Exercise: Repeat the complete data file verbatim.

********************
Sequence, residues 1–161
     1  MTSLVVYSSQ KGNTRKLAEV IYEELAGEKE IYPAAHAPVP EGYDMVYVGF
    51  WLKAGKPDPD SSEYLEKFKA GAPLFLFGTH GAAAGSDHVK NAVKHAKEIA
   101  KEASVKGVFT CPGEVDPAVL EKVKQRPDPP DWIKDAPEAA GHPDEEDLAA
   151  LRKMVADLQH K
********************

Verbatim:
Sequence, residues 1–161
     1  MTSLVVYSSQ KGNTRKLAEV IYEELAGEKE IYPAAHAPVP EGYDMVYVGF
    51  WLKAGKPDPD SSEYLEKFKA GAPLFLFGTH GAAAGSDHVK NAVKHAKEIA
   101  KEASVKGVFT CPGEVDPAVL EKVKQRPDPP DWIKDAPEAA GHPDEEDLAA
   151  LRKMVADLQH K